3 reasons why your partner shouldn't be your best friend

3 reasons why your partner shouldn't be your best friend

Since we were mere tots, we've been ingrained with the belief that our soulmate and veritable life partner must fulfil several roles to make them "love-of-life" worthy: not only must they be your lover and partner, but they also have to fulfil all of the qualities of a best friend.

This can be chalked up to many things, but I'm rather partial to scapegoating the ever-insidious institution of marriage; a lifetime of consuming saccharine-sweet Hollywood films and everything that has ever come out of The Walt Disney Company.

Now, contrary to popular belief, I have always maintained that people who claim that their partner is their best friend are either already Becky/Billy no mates or have developed a sudden case of tunnel vision. I know what you're thinking, but hear me out - these are the four reasons why your partner should never, ever be your best friend...

1. Putting all your eggs in one basket is a recipe for disaster 

To have your significant other be the only person you go to for love, support and friendship is simply too much for one person to handle, and nor is it fair. Sure, when I'm going through a rough patch, I do expect my partner to be there for me, and to offer care and support but it's also important to realise that you have other people to fulfil those duties - namely all of the friends that you have accumulated throughout school, university and work.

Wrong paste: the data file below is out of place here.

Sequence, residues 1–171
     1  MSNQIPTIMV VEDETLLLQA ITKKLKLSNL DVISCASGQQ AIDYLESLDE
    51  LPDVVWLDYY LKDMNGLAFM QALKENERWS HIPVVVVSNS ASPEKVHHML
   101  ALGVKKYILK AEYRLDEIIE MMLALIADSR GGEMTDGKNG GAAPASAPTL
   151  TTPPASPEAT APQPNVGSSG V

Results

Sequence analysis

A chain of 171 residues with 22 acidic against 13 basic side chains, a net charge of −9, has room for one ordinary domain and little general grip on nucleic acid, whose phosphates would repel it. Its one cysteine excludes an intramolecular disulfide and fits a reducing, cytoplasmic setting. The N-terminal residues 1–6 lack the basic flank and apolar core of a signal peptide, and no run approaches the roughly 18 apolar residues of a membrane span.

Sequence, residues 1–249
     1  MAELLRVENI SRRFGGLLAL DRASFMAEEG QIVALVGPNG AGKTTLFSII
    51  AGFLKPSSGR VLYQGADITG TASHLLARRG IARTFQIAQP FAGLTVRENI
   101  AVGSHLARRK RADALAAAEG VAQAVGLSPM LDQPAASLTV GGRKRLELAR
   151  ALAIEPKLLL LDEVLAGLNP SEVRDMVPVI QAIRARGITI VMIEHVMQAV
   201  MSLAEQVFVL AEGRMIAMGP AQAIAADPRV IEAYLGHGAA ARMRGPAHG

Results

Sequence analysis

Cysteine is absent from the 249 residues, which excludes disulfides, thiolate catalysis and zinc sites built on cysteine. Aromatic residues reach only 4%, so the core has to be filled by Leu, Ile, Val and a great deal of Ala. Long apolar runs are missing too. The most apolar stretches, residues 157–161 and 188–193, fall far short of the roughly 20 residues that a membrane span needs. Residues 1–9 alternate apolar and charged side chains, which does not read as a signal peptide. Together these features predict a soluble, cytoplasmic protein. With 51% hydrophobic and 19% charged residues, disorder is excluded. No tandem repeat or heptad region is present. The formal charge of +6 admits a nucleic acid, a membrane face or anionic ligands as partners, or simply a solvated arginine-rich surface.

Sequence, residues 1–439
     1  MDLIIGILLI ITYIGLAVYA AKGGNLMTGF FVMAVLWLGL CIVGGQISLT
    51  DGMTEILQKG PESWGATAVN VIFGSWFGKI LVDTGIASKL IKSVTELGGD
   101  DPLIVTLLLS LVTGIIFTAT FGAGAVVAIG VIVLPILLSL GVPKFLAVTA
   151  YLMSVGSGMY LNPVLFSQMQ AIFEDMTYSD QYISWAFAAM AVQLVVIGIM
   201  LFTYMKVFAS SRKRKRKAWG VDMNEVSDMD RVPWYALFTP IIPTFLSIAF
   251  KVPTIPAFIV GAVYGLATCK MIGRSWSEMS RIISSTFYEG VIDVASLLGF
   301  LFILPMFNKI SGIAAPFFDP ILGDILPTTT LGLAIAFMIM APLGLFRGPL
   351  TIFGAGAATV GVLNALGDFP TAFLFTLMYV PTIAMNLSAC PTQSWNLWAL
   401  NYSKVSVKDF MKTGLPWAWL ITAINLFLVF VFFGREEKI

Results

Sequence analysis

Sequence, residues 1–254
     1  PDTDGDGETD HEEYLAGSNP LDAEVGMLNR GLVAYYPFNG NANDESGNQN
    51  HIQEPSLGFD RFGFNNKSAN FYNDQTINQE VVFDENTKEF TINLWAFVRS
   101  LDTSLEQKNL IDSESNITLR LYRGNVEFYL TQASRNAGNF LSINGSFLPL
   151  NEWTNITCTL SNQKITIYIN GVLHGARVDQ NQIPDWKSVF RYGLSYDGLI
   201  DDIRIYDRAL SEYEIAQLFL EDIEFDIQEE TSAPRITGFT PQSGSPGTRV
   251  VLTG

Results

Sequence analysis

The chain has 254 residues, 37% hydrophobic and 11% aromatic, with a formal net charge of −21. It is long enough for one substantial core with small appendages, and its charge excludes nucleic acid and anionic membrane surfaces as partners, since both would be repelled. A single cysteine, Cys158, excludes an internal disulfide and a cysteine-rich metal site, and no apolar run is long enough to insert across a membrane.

While it's perfectly normal to have your blinders on when you're in a new relationship, and "see" only them, it's not healthy because you're effectively putting all your eggs in one basket, that is, you're making your partner your only priority.

And you know what? There's a chance that "the one" won't be "the one" for ever.

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2. You need to keep some sense of mystery 

As psychiatrist and author of All You Need Is Love and Other Lies About Marriage, John Jacobs says, relying on your partner for everything not only "puts an enormous amount of pressure on your relationship" but "having to handle such a needy partner is not very sexy".

We've all been in the end stages of a relationship, where everything that you initially found endearing about your partner now seems to grate on your last nerve, and the chances of this happening are greatly exemplified when your partner knows absolutely everything there is to know about you. A sense of mystery keeps everything feeling fresh.

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3. You start to lose your individuality

How do you become a well-rounded person? By having new experiences and meeting different people, of course. By making one person your everything, you're effectively closing yourself off to exploring different facets of you identity, facets that could be brought out by putting yourself out there.

Further, the strongest couples are able to stay together for so long precisely because they remain as two separate individuals, each bringing something different and fresh to the relationship.

So by stepping outside of your comfort zone every once in a while and trying something new, whether that be attending a cookery class or just something new at the gym, you both give each other time to try new activities that the other wouldn't necessary be into and vice versa. This means that when you come back to each other, you're more enlightened and interesting people with new things to share and talk about.

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So there you have it: the perfect excuse to forsake your honorary Netflix-and-chill night for a big night on the town with the girls. After all, you don't want your relationship to go stale, do you?

In other relationship related news, here are 10 things no one tells you about being in a relationship...